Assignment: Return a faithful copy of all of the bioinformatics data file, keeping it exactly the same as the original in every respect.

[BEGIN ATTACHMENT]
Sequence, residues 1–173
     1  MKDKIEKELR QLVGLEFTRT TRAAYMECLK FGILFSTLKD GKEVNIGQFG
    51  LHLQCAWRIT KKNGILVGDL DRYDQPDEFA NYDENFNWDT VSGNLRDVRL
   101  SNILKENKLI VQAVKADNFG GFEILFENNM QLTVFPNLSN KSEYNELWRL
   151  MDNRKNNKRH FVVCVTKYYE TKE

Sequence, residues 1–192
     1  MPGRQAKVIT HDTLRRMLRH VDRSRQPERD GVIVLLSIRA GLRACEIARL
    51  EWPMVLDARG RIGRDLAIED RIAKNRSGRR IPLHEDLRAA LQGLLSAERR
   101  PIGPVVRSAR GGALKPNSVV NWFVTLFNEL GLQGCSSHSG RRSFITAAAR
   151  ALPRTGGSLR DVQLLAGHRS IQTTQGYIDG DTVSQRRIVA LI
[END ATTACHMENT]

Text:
Sequence, residues 1–173
     1  MKDKIEKELR QLVGLEFTRT TRAAYMECLK FGILFSTLKD GKEVNIGQFG
    51  LHLQCAWRIT KKNGILVGDL DRYDQPDEFA NYDENFNWDT VSGNLRDVRL
   101  SNILKENKLI VQAVKADNFG GFEILFENNM QLTVFPNLSN KSEYNELWRL
   151  MDNRKNNKRH FVVCVTKYYE TKE

Sequence, residues 1–192
     1  MPGRQAKVIT HDTLRRMLRH VDRSRQPERD GVIVLLSIRA GLRACEIARL
    51  EWPMVLDARG RIGRDLAIED RIAKNRSGRR IPLHEDLRAA LQGLLSAERR
   101  PIGPVVRSAR GGALKPNSVV NWFVTLFNEL GLQGCSSHSG RRSFITAAAR
   151  ALPRTGGSLR DVQLLAGHRS IQTTQGYIDG DTVSQRRIVA LI